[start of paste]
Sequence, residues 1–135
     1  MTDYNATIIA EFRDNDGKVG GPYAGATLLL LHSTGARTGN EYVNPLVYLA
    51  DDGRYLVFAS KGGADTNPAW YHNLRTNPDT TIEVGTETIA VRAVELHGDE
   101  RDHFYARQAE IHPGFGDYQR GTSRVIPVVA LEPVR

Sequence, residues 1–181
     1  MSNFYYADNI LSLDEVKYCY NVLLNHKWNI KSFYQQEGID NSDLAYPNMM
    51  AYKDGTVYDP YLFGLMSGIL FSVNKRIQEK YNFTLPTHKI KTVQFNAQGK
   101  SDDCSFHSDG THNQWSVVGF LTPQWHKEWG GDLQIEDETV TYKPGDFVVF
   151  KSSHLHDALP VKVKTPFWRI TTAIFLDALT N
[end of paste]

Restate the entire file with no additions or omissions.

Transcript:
Sequence, residues 1–135
     1  MTDYNATIIA EFRDNDGKVG GPYAGATLLL LHSTGARTGN EYVNPLVYLA
    51  DDGRYLVFAS KGGADTNPAW YHNLRTNPDT TIEVGTETIA VRAVELHGDE
   101  RDHFYARQAE IHPGFGDYQR GTSRVIPVVA LEPVR

Sequence, residues 1–181
     1  MSNFYYADNI LSLDEVKYCY NVLLNHKWNI KSFYQQEGID NSDLAYPNMM
    51  AYKDGTVYDP YLFGLMSGIL FSVNKRIQEK YNFTLPTHKI KTVQFNAQGK
   101  SDDCSFHSDG THNQWSVVGF LTPQWHKEWG GDLQIEDETV TYKPGDFVVF
   151  KSSHLHDALP VKVKTPFWRI TTAIFLDALT N